9. Miro O, Barrientos A, Alonso JR, Casademont J, Jarreta D, Urbano-Marquez A, et al. Effects of general anaesthetic procedures on mitochondrial function of human skeletal muscle. Eur J Clin Pharmacol. 1999;55(1):35–41.

    Article  PubMed  CAS  Google Scholar 

  10. Bharadwaj MS, Tyrrell DJ, Lyles MF, Demons JL, Rogers GW, Molina AJ. Preparation and respirometric assessment of mitochondria isolated from skeletal muscle tissue obtained by percutaneous needle biopsy. J Visualized Experiments: JoVE. 2015(96).

  11. Kristian T. Isolation of mitochondria from the CNS. Curr Protoc Neurosci. 2010;Chap. 7:Unit 7 22.

  12. Rogers GW, Brand MD, Petrosyan S, Ashok D, Elorza AA, Ferrick DA, et al. High throughput microplate respiratory measurements using minimal quantities of isolated mitochondria. PLoS ONE. 2011;6(7):e21746.

    Article  PubMed  PubMed Central  CAS  Google Scholar 

  13. Davis-Knowlton J, Turner JE, Turner A, Damian-Loring S, Hagler N, Henderson T, et al. Characterization of smooth muscle cells from human atherosclerotic lesions and their responses to notch signaling. Lab Invest. 2019;99(3):290–304.

    Article  PubMed  CAS  Google Scholar 

  14. Rostama B, Turner JE, Seavey GT, Norton CR, Gridley T, Vary CP et al. DLL4/Notch1 and BMP9 interdependent signaling induces human endothelial cell quiescence via P27KIP1 and Thrombospondin-1. Arteriosclerosis, thrombosis, and vascular biology. 2015;35(12):2626–37.

  15. Young K, Conley B, Romero D, Tweedie E, O’Neill C, Pinz I, et al. BMP9 regulates endoglin-dependent chemokine responses in endothelial cells. Blood. 2012;120(20):4263–73.

    Article  PubMed  PubMed Central  CAS  Google Scholar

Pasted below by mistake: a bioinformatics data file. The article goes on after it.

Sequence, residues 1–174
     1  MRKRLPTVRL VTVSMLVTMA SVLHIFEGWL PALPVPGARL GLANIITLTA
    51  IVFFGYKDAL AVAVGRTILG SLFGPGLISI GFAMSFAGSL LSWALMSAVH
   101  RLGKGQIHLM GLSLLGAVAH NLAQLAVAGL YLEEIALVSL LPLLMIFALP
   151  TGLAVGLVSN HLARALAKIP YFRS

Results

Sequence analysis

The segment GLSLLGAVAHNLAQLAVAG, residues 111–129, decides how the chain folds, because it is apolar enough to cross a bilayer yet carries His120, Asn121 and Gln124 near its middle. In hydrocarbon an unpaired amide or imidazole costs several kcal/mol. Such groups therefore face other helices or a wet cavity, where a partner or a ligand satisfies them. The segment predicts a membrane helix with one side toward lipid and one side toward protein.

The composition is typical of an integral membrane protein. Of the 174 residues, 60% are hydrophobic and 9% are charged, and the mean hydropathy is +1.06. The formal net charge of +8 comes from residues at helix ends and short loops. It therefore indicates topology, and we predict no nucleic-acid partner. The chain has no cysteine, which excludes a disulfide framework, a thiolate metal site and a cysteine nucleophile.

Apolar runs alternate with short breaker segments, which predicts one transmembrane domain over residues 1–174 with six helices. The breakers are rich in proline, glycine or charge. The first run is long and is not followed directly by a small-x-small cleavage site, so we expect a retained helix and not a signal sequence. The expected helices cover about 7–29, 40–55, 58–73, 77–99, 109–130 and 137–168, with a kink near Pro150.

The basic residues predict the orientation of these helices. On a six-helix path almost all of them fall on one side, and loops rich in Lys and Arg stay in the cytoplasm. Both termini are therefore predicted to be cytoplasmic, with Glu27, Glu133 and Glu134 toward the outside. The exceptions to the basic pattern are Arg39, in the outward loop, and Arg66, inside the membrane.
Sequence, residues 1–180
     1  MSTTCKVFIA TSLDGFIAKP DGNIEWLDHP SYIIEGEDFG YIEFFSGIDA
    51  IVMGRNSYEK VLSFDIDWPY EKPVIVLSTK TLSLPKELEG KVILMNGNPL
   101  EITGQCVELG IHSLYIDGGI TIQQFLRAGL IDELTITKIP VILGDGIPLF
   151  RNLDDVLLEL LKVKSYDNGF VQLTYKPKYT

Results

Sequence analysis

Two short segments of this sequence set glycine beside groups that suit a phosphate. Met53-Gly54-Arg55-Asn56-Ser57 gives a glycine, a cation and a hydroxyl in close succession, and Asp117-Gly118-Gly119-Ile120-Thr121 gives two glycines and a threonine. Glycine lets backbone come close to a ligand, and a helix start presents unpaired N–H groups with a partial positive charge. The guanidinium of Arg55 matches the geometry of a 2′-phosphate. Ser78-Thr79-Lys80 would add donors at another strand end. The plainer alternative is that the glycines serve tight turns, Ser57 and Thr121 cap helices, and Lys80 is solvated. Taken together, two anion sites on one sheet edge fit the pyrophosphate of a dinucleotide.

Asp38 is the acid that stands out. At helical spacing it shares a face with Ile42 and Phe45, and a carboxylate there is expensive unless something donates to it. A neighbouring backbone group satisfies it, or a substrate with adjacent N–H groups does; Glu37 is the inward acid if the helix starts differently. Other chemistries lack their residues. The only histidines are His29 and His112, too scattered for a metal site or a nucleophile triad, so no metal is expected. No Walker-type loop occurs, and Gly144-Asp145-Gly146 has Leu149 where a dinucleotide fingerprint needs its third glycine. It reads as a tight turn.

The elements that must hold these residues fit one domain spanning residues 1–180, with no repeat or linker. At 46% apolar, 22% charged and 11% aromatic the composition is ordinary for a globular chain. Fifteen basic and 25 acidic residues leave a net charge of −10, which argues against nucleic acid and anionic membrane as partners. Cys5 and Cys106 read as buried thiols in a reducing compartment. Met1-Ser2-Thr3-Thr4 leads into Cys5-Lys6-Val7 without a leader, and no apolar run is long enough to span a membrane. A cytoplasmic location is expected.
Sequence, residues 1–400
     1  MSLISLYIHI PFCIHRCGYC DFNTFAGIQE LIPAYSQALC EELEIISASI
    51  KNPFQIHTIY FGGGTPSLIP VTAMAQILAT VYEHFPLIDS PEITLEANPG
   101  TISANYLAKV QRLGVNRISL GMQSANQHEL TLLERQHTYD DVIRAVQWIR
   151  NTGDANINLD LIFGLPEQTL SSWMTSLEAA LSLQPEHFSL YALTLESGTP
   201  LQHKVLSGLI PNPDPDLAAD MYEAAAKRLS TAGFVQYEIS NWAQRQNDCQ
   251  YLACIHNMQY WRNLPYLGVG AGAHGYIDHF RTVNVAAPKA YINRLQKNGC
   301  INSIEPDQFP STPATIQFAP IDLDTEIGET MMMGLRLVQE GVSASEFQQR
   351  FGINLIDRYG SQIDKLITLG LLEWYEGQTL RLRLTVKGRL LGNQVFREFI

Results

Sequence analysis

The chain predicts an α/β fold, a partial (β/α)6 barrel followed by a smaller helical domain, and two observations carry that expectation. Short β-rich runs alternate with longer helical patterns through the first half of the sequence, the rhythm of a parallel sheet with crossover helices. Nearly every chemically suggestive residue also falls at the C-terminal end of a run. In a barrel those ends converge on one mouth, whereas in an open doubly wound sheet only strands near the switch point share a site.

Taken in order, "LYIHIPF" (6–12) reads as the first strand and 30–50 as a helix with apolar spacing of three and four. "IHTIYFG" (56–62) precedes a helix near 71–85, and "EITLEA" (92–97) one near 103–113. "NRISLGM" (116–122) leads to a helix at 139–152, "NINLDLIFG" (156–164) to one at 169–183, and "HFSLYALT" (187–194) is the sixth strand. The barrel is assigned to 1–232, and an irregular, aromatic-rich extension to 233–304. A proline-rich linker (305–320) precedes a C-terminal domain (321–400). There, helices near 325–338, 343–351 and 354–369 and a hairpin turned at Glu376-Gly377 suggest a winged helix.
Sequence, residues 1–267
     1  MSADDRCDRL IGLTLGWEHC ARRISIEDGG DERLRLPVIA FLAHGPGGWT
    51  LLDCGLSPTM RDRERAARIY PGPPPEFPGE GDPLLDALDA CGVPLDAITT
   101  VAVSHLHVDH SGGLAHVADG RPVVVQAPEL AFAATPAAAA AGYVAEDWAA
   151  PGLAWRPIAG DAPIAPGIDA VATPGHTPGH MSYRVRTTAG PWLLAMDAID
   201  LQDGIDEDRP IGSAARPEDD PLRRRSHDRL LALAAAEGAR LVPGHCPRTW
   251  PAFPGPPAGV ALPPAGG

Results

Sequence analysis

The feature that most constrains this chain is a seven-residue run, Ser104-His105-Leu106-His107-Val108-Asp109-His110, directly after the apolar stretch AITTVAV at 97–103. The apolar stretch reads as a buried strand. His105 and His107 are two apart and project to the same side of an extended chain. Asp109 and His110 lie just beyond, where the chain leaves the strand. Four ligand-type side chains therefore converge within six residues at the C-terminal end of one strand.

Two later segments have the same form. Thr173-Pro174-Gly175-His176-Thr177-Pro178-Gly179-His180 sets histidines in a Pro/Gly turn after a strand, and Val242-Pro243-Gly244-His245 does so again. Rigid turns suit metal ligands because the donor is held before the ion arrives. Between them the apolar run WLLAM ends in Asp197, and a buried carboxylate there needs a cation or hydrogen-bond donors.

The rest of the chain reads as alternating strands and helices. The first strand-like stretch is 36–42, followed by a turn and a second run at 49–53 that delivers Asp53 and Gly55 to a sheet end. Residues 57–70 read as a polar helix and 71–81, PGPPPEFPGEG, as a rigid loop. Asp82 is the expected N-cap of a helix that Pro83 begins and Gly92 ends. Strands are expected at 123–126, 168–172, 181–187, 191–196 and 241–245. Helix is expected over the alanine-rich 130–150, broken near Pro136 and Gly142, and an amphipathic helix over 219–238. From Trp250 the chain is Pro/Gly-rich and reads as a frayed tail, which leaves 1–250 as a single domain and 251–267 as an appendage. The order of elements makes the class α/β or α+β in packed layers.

16. Ivosev G, Burton L, Bonner R. Dimensionality reduction and visualization in principal component analysis. Anal Chem. 2008;80(13):4933–44.

    Article  PubMed  CAS  Google Scholar 

  17. Pertoft H. Fractionation of cells and subcellular particles with Percoll. J Biochem Biophys Methods. 2000;44(1–2):1–30.

    Article  PubMed  CAS  Google Scholar 

  18. Koves TR, Noland RC, Bates AL, Henes ST, Muoio DM, Cortright RN. Subsarcolemmal and intermyofibrillar mitochondria play distinct roles in regulating skeletal muscle fatty acid metabolism. Am J Physiol Cell Physiol. 2005;288(5):C1074–82.

    Article  PubMed  CAS  Google Scholar 

  19. Bayraktar EC, Baudrier L, Ozerdem C, Lewis CA, Chan SH, Kunchok T, et al. MITO-Tag mice enable rapid isolation and multimodal profiling of mitochondria from specific cell types in vivo. Proc Natl Acad Sci U S A. 2019;116(1):303–12.

    Article  PubMed  CAS  Google Scholar 

Download references


R.A.K. and G.A.R. were supported by NIH/NIGMS P20GM121301 and the MaineHealth Institute for Research (MHIR). The Physiology and the Proteomics and Lipidomics Cores at MHIR were supported by NIH/NIGMS P20GM121301. The content is solely the responsibility of the authors and does not necessarily represent the official views of the National Institutes of Health.


R.A.K. and A.R.G., and the Physiology and the Proteomics and Lipidomics Cores at MHIR were supported by NIH/NIGMS P20GM121301 and the MaineHealth Institute for Research.

Author information

Authors and Affiliations



R.V.P.A.K., R.A.K and A.R.G. designed the study and performed the experiments. C.V. and C.A.G. performed peptide quantitative SWATH-MS and data analyses. R.V.P.A.K. and R.A.K. wrote the manuscript text. M.N. and R.A.K. designed and created Figs. 1, 2 and 3. All authors reviewed the manuscript.